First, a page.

There is some evidence to say that students who struggle through their exams at medical school can potentially have problems later in their careers, but it is sparse, and needs to be considered very carefully.

    As for anonomysing students sitting exams this is possible up until the point a face to face examination is needed, such as an OSCE where students stand in front of doctors and are examined.

    The difficulty of any situation like this is that it is commonplace for students to have serious greivences whenever they fail any assessment. The difficulty is ascertaining if foul play has been a component of that.

    22 Feb 2009, 13:17

  6. James Bateman

    PS I’ve been debating on the topic on my Twitter site, and the opinion from some international students is an emphatic “no” re: a racism problem.

    22 Feb 2009, 13:20

  7. Dog G

    I’m not sure the problem was racism… snobbism – yes.
    I can’t imagine why King’s made disadvantaged students even more disadvantaged by making them wear a badge.

    13 Mar 2009, 15:56

  8. James Bateman

    It does seem strange: it’s often difficult to gauge the truth in these matters. To put you comment in context for the other bloggers G:
    The Telegraph reported the following:

    “Miss Jibowu enrolled on the college’s six year extended medical degree course for students from disadvantaged backgrounds in September 2002.
    She said students on that course had to wear a special badge, which led to them being bullied by counterparts on the regular five year degree programme. “

    If this is the case, it does seem a particularly unusual step for a University to take. I can’t necessarily see the logic in doing that. Perhaps some other Kings students could put it in context for us?

    15 Mar 2009, 16:46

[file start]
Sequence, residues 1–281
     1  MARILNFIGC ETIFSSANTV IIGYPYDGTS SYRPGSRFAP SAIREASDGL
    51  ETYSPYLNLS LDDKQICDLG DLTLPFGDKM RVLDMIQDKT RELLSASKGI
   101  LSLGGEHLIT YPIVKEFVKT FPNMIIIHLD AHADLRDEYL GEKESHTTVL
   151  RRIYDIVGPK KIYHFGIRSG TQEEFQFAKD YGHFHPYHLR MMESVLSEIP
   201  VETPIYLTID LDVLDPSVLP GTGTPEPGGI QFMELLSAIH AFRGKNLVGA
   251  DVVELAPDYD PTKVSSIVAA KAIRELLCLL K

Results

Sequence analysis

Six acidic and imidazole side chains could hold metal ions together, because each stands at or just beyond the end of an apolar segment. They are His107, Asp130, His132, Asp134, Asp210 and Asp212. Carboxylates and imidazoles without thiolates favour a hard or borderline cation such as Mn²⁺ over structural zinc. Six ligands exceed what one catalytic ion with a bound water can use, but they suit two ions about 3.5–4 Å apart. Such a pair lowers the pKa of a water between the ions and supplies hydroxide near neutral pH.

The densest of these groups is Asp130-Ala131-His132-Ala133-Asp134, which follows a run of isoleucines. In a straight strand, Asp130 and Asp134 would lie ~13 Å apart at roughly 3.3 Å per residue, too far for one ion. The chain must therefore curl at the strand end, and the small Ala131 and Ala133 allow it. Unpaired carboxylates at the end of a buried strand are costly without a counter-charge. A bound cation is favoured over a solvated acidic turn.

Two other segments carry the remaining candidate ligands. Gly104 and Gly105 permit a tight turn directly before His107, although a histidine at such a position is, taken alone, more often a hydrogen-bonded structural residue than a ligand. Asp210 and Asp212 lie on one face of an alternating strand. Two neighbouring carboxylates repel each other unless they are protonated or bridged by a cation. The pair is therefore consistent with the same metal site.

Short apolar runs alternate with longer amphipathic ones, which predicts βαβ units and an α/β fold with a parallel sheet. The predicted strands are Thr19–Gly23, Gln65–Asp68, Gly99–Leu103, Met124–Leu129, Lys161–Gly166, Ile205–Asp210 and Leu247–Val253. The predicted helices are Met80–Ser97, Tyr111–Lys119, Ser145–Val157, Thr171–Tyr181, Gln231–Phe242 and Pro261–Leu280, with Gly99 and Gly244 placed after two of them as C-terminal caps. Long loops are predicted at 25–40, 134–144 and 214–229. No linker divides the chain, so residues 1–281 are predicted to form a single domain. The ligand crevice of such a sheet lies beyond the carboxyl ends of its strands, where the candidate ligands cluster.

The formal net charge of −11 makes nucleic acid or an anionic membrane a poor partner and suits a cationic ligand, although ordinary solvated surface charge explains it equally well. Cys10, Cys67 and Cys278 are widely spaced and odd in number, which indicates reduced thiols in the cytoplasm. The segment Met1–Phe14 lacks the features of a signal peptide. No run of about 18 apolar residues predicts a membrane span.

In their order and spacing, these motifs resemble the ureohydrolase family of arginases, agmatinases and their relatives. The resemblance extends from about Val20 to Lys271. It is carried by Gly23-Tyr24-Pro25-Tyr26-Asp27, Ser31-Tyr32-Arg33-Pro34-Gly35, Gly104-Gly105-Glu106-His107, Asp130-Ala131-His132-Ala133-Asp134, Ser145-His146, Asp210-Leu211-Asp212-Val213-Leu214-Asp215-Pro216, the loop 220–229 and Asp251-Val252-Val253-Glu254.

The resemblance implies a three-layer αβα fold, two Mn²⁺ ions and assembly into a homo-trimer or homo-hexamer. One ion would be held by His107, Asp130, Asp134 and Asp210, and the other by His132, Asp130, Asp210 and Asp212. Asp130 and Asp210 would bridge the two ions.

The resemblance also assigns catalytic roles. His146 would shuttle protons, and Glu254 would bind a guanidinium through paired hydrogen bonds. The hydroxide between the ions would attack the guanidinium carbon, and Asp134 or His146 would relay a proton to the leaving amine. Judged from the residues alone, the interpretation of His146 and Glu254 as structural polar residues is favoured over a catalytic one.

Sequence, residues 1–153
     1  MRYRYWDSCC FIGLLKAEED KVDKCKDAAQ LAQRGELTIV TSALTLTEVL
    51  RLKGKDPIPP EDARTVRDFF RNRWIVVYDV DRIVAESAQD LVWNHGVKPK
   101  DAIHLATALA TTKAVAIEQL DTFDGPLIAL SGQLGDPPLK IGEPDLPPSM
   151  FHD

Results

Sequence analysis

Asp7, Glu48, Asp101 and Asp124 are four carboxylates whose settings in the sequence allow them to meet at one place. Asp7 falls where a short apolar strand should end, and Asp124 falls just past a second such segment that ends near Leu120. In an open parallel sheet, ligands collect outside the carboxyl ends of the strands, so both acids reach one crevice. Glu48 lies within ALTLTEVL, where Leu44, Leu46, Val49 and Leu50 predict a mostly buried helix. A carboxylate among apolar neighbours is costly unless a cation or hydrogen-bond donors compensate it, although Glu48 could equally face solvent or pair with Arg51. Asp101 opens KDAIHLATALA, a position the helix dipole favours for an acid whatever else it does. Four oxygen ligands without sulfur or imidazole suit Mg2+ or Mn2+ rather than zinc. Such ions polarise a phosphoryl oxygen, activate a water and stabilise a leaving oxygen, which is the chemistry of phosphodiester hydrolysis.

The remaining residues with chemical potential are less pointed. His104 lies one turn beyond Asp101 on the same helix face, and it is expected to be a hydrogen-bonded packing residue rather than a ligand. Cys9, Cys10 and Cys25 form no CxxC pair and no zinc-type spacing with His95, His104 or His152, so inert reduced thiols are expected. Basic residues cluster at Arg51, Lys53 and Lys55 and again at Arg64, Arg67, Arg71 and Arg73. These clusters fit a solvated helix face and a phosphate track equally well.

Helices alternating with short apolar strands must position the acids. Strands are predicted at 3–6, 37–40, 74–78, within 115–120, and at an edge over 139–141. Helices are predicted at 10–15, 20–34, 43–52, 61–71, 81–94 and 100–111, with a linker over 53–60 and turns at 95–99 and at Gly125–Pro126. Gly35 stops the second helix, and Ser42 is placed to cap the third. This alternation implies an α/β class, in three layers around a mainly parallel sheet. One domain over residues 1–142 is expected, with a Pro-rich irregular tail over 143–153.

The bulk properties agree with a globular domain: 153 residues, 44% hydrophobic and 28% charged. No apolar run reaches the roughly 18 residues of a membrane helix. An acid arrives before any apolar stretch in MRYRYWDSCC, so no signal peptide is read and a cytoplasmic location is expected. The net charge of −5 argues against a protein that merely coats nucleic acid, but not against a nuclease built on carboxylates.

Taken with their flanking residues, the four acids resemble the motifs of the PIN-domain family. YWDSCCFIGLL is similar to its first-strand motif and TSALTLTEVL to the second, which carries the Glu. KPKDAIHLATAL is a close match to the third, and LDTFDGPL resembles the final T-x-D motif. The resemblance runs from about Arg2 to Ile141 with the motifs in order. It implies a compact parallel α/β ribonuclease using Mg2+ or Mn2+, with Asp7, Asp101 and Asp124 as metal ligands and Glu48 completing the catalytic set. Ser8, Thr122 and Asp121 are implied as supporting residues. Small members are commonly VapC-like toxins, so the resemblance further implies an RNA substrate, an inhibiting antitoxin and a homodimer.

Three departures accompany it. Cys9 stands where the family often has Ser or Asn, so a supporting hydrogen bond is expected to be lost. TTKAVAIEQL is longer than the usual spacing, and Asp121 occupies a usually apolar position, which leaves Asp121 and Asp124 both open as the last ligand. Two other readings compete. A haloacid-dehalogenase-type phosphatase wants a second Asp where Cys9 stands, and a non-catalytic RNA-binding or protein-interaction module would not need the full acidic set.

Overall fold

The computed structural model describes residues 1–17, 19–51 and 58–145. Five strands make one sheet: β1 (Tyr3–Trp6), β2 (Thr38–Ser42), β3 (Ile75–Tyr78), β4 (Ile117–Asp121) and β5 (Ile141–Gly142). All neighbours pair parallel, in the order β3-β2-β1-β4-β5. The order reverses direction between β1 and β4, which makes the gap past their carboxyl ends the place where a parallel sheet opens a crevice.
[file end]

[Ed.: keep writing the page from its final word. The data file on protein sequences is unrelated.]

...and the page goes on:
9. Well if they are Medical Students they would all have to, when working in a hospital environment, wear an ID badge/card, its possible their cards looked different, but its hard to imagine them being massively changed from the norm, mainly because changing the design of a necessary ID Card for a tiny minority of students would surely be prohibitively expensive.

    15 Mar 2009, 17:11

  10. David Metcalfe

    I find these allegations rather difficult to believe.

    It also seems fruitless to speculate on this particular case when all we have is a set of bizaare and wide-ranging allegations to work with. If there is a genuine claim then doubtless the High Court will do its duty.

    15 Mar 2009, 22:31

  11. James Bateman

    David I can see your point entirely. However the points do need to be debated. Any University which is putting itself in the firing line for these sort of claims needs to have a robust explanation for the site. I’ve been running some interviews with a number of protagonists from Remedy UK, and a number of other issues relevant to Medical Students – I’m going to explore inviting a representative from Kings to speak to me in an audio interview, hopefully to talk through some of the issues in an informal manner. In the case where parties can potentially deliberately mislead, its easy to say that the courts will sort it out, but I understand its notoriously difficult (my sister in law is an Employment Lawyer in the City). Its obviously a talking point- see the blog from one of the links above to see what I mean.